Thrive: The Power of Evidence-Based Psychological Therapies
Hardcover, 384 pages, ISBN: 9781846146053, published 3 July 2014
Mental illness reduces national income by about 4%, and yet we only spend about 13% of our health budget and about 5% of our medical research funds on tackling the problem.
As an economist who writes a fair bit on mental health, I regularly trot out statements like this about how costly mental health problems are to society and how the under-provision of services is grossly inefficient. To some the point may now seem obvious and trite. As evidence grows ever more compelling, government policy slowly shifts in response. One success story is the Improving Access to Psychological Therapies (IAPT) initiative, which has greatly improved the availability of evidence-based treatment for some of the most prevalent mental health problems in the UK. Yet in many cases we still await adequate action from the government and decision-makers. Two key players in getting IAPT into government policy were Richard Layard – an economist – and David Clark – a psychologist. In their new book Thrive: The Power of Evidence-Based Psychological Therapies, Layard and Clark demonstrate the need for wider provision of cost-effective mental health care in the UK.
The book starts with a gentle introduction to mental illness; what it is, who suffers, the nature of treatment. This will give any reader a way in, with an engaging set-up for what follows (though with one third of families including someone with a mental illness, most people will find the topic relatable). The opening chapters go on to dig deeper into these questions; do these people get help, how does it affect their lives and what are the societal impacts? These chapters serve as a crash course in mental health and though the style is conversational and easily followed, on reflection you’ll realise that you’ve absorbed a great deal of information about mental health. More importantly, you’ll have a deeper understanding. This isn’t simply because of the number of statistics that have been thrown at you, but because of the personal stories and illustrations that accompany the numbers. This forms the first half of the book – ‘The Problem’ – which encourages the reader to start questioning why more isn’t being done. Economists may at times balk at the broad brush strokes in considering the societal ‘costs’ of mental health problems, but the figures are nevertheless startling.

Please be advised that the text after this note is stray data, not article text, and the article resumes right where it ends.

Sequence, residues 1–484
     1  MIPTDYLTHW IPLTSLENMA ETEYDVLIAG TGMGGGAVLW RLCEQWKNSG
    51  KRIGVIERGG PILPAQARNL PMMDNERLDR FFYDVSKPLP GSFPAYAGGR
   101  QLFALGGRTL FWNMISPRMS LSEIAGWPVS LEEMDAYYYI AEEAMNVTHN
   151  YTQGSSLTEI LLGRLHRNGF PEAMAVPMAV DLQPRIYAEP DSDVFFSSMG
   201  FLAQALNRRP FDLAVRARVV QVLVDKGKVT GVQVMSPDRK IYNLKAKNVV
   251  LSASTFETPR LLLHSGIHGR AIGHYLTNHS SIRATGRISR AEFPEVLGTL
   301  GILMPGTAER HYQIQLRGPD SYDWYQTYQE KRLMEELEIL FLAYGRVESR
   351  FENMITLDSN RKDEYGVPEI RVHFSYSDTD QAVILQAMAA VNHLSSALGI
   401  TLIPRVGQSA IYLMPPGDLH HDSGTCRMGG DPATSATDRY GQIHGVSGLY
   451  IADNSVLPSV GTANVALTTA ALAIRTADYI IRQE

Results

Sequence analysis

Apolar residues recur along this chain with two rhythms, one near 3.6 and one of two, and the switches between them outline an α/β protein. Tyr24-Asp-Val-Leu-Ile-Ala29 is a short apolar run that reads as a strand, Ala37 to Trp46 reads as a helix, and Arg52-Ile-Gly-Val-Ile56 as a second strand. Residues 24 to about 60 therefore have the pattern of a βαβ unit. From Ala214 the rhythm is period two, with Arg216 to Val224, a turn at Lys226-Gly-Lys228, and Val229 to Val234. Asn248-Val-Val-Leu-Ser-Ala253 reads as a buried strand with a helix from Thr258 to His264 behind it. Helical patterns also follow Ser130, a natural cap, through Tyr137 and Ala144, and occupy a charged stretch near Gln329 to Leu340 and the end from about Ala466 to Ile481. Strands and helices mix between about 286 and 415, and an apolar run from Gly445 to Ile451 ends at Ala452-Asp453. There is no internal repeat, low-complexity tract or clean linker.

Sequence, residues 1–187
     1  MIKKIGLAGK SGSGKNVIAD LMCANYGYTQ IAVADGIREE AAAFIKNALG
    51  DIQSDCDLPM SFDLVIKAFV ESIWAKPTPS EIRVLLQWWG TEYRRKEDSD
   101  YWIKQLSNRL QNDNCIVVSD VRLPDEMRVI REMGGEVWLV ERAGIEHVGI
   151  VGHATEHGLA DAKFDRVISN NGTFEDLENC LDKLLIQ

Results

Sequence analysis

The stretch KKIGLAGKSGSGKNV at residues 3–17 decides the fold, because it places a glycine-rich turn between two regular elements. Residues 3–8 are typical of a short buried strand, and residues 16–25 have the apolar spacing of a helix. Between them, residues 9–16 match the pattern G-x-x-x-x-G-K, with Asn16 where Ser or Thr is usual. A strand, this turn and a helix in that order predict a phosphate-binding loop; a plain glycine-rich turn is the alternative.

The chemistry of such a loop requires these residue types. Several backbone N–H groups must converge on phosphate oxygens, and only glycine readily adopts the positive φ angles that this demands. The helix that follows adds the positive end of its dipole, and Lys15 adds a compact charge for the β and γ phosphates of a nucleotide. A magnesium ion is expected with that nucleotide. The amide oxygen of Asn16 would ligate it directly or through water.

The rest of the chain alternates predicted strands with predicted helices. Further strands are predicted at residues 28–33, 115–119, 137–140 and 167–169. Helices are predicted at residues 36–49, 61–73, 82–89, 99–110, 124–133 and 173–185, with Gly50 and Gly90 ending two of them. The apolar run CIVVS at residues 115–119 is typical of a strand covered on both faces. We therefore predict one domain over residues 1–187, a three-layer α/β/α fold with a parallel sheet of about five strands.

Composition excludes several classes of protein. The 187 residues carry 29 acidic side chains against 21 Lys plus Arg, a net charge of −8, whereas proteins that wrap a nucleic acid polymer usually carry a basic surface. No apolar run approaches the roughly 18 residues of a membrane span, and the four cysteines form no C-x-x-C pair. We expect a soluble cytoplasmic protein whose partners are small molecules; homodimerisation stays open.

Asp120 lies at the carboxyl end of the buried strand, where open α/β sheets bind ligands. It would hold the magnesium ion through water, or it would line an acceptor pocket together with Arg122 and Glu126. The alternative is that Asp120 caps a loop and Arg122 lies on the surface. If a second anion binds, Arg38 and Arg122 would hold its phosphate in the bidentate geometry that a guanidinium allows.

From there the book continues to build. In the second half – ‘What Can Be Done?’ – the authors go on to explain that actually there’s a ton of effective therapies available. We know what they are and who they work for, but they aren’t available. There’s no doubt that the view of the evidence presented is an optimistic one, but it isn’t designed to mislead; where evidence is lacking, the authors say so. The book seems to be written with the sceptical academic in mind; no sooner can you start to question a claim than you are thrown another baffling statistic to chew on. Various therapies are explored, though the focus is undeniably on depression and anxiety and on cognitive behavioural therapy (CBT). Readers with CBT bugbears may feel alienated by this, but should consider it within the broader scope of the book.
Readers would do well to stop after chapter 14. Things go sharply downhill from this point and could, for some readers, undermine what goes before. This would be a great shame. In all seriousness, chapters 15 and 16 would be better off read at a later date, once the rest of the book has been absorbed, understood and – possibly – acted upon. In the final chapters Layard and Clark make distinctly political proposals about how society should be organised. The happiness agenda takes centre stage. In places, mental illness is presented as simply the opposite of happiness. This is an unfortunate and unnecessary tangent. I have some sympathies with the happiness agenda, but for many I expect these chapters would ruin the book. The less said about them the better.
It is a scandal that so many people with mental health problems do not have access to the cost-effective treatments that exist. Layard and Clark demonstrate convincingly that the issue is of public interest. Thrive has the potential to instill in people the right amounts of sympathy, anger and understanding to bring about change. Many will disagree with their prescriptions, but this should not detract from the central message of the book.